Although they’re pretty dang adorable, llamas are known for being fierce protectors of flocks of sheep—even taking out a hungry coyote here and there. Now, it seems that the cute camelids might be able to help humans as well in our fight against COVID-19 thanks to some pretty special antibodies.
Llamas have been studied since the early 1990s for their ability to produce antibodies that are smaller and less complicated than those produced by humans. The particles are so small, in fact (up to one-tenth the size of normal antibodies), that they are termed nanobodies. In early 2019, the Food and Drug Administration approved the first llama-derived nanobody treatment called caplacizumab-yhdp (try saying that five times fast) for adult patients with acquired thrombotic thrombocytopenic purpura, a rare but highly destructive blood disorder.
Warheads From Rocky and Marley
Since early March, researchers at the Rockefeller University in New York have been working with two llamas named Rocky and Marley to find out how their unique antibodies might help blast the SARS-CoV-2 virus.
“For reasons that we don’t really understand, these animals make this variant of antibody that just has fantastic properties,” said Michael P. Rout, a structural biologist at Rockefeller. “It contains the good disease-recognizing parts of a human antibody, packed into a condensed warhead.”
Unlike human antibodies, which consist of two proteins, llama antibodies only have one protein. This not only makes them small, but much easier to replicate and test. It might make any potential treatments easier to take because they could eventually be nebulized and distributed in the same way inhalers disperse asthma medicine.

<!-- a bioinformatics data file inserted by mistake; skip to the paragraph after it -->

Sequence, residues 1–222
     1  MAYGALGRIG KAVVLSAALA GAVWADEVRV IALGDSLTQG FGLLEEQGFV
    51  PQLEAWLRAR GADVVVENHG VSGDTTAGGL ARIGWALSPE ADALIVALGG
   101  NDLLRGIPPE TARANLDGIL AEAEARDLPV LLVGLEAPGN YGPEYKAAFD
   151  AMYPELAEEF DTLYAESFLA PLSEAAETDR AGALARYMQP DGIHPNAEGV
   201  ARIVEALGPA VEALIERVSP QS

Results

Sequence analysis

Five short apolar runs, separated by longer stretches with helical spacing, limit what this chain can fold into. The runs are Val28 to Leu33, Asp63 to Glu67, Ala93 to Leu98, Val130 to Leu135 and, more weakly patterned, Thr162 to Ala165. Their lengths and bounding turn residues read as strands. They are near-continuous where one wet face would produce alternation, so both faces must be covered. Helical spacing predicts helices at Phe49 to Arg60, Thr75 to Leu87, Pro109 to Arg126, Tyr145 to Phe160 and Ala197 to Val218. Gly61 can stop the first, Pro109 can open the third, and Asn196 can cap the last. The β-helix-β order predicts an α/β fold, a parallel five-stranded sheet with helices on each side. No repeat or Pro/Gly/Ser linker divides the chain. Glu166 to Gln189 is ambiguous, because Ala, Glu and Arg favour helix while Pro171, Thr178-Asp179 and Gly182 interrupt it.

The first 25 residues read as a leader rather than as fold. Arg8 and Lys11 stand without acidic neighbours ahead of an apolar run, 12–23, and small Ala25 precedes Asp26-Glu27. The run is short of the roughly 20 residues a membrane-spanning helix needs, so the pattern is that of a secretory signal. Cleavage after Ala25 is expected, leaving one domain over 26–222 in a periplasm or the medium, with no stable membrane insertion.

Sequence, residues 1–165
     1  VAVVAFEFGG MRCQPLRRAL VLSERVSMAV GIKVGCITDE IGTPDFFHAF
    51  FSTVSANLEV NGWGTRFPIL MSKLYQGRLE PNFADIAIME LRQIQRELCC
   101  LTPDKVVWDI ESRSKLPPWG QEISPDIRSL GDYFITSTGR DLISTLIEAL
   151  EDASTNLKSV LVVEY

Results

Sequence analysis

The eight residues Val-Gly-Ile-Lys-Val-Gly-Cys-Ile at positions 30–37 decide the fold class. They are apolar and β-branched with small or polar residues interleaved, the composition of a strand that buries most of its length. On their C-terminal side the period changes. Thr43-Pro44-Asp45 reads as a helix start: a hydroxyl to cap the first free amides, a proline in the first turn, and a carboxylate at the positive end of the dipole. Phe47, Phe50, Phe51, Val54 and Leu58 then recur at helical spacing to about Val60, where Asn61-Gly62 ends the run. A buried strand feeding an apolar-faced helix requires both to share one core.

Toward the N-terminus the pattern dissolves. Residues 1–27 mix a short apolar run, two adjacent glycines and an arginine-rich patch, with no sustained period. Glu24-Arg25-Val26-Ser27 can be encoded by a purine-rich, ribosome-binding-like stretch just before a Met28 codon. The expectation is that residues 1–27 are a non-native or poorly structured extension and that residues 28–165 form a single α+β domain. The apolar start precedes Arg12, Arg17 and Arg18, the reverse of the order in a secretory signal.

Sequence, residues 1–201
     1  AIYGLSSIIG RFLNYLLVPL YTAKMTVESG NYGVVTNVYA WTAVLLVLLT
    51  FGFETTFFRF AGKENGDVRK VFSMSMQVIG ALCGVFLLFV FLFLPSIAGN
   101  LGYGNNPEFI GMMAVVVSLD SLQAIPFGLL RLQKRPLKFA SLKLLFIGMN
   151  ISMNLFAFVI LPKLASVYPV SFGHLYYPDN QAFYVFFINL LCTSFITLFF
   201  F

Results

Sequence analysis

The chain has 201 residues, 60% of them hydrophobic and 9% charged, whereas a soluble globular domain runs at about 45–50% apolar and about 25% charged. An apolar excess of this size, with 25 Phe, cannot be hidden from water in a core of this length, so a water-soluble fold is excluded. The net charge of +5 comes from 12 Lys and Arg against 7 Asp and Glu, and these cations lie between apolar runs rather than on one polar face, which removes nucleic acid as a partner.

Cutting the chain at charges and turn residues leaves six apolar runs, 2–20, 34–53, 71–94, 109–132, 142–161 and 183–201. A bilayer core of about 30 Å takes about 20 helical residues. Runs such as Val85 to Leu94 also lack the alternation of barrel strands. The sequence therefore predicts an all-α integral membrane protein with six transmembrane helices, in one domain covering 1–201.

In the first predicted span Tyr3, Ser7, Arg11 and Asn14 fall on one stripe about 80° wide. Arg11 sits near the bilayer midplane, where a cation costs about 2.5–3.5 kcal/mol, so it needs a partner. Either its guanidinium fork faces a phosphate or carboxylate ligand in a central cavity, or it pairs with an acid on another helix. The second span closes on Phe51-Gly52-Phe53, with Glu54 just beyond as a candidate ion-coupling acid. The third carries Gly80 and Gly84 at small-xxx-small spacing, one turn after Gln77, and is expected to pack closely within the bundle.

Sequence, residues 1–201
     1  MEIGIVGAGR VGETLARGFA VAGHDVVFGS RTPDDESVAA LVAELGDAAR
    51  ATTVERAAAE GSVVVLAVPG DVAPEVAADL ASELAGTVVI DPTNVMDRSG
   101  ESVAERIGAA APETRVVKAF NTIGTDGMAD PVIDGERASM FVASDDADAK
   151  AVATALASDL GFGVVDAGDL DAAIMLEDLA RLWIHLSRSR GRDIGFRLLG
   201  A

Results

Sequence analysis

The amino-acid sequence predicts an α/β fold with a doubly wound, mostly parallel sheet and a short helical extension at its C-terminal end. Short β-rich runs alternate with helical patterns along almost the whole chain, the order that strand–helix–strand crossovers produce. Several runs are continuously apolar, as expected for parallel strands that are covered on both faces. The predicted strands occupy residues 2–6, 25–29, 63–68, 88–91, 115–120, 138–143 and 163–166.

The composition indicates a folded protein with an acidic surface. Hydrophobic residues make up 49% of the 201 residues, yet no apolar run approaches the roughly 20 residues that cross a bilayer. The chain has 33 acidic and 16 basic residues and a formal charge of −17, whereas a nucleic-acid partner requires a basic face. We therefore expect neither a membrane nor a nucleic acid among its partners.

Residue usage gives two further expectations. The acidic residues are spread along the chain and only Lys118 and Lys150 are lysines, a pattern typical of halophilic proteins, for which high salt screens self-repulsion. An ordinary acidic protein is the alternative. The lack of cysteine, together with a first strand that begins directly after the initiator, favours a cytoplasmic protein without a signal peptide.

The small size of these particles also makes them easy to combine, a benefit UK researchers have just taken advantage of.
The team reporting the discovery in the journal Nature Structural & Molecular Biology consists of scientists from the Rosalind Franklin Institute, Oxford University, Diamond Light Source, and Public Health England. They used advanced imaging consisting of X-rays and electrons to see that llama-derived antibodies bind to the spikes on the SARS-CoV-2 virus in a way that’s different than other antibodies that have been tested so far.
“The electron microscopy structures showed us that the three nanobodies can bind to the virus spike, essentially covering up the portions that the virus uses to enter human cells,” said Professor David Stuart, from Diamond Light Source and Oxford University.
By blanketing the virus and dulling its spikes, the antibodies prevent virus particles from landing on and penetrating human cells.
What’s more, the researchers found that when combining the llama nanobodies with human antibodies, the treatment resulted in even greater results.
“These nanobodies have the potential to be used in a similar way to convalescent serum, effectively stopping progression of the virus in patients who are ill,” said professor James Naismith, Professor of Structural Biology at Oxford University. “We were able to combine one of the nanobodies with a human antibody and show the combination was even more powerful than either alone. Combinations are particularly useful since the virus has to change multiple things at the same time to escape; this is very hard for the virus to do. The nanobodies also have potential as a powerful diagnostic.”
Now the team is working with a llama named Fifi. They’ve injected her with purified virus proteins that don’t cause disease or harm but activate’s Fifi’s immune system. Thus far, Fifi is acting like an antiviral production facility, as her blood churns out even more antibodies than already discovered.